Alzheimer’s causes nerve cell death and tissue loss throughout the brain. This causes the brain to shrink dramatically and affects almost all of its functions (Alzheimer’s Disease & Dementia). There is a loss of connections among brain cells responsible for memory, learning, and communication. The main portion of the brain called the cerebral cortex shrivels up. This part of the brain is involved with thinking, planning, and remembering which makes sense since patients with the disease show symptoms involved with these actions. The hippocampus is another are of the cortex that works
These physical changes begin to take effect long before the first symptoms appear, which suggests that it could be possible for screenings in the future to be able to detect and begin treatment for Alzheimer’s before it ever manifests symptoms. The two primary happenings that cause damage in the brain are the buildup of plaque and complications with nerve fibers called tangles. While most people develop a small amount of these over time, people with Alzheimer’s tend to develop much more. It is believed that the buildup of plaque and tangles interferes with the neurons’ ability to communicate with one another, and ultimately results in the death of the cells. The plaques, being a buildup of the protein beta-amyloid, gathers in the spaces between neurons while the tangles are a result of a twisting of an internal protein fiber called “tau”. In the end, these processes are the cause of the extreme memory loss and ultimately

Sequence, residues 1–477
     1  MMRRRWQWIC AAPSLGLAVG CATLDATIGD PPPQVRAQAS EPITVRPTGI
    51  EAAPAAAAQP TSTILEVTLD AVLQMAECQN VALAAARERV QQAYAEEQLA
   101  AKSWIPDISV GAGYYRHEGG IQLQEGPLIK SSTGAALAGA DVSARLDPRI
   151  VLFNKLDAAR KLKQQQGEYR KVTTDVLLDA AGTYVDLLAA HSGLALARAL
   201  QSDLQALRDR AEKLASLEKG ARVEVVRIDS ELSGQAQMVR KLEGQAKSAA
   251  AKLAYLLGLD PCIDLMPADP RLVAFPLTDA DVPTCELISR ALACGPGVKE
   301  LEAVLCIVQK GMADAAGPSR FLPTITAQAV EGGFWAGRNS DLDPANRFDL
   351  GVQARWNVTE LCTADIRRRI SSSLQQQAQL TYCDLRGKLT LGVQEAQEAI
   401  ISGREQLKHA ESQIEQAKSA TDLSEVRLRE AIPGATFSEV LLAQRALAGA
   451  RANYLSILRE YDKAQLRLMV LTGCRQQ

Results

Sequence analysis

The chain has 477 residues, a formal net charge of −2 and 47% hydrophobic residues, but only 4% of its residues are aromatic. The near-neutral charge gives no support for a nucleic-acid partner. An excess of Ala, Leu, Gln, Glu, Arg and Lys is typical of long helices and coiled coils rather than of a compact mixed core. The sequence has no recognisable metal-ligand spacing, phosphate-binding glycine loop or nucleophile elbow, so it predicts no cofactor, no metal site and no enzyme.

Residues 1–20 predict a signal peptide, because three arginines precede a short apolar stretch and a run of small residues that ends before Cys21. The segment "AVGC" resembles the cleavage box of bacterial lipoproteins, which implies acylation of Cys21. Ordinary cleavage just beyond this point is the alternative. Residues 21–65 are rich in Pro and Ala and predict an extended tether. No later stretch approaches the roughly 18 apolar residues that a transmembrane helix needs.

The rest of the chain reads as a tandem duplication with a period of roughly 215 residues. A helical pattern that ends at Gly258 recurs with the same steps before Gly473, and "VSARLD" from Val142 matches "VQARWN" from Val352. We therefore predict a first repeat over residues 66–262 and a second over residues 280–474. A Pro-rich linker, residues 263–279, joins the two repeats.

Alzheimer’s causes degeneration of brain tissue and nerve cells. With less nerve cells present, it becomes harder for the brain to communicate with the body and function properly.
Alzheimer’s disease, the most common form of dementia, is a significant, persistent, and progressive memory loss that is associated with cognitive impairment and alterations in personality. Currently, there is no effective treatment for Alzheimer’s disease, despite the significant amount of effort by researchers. The main challenge in developing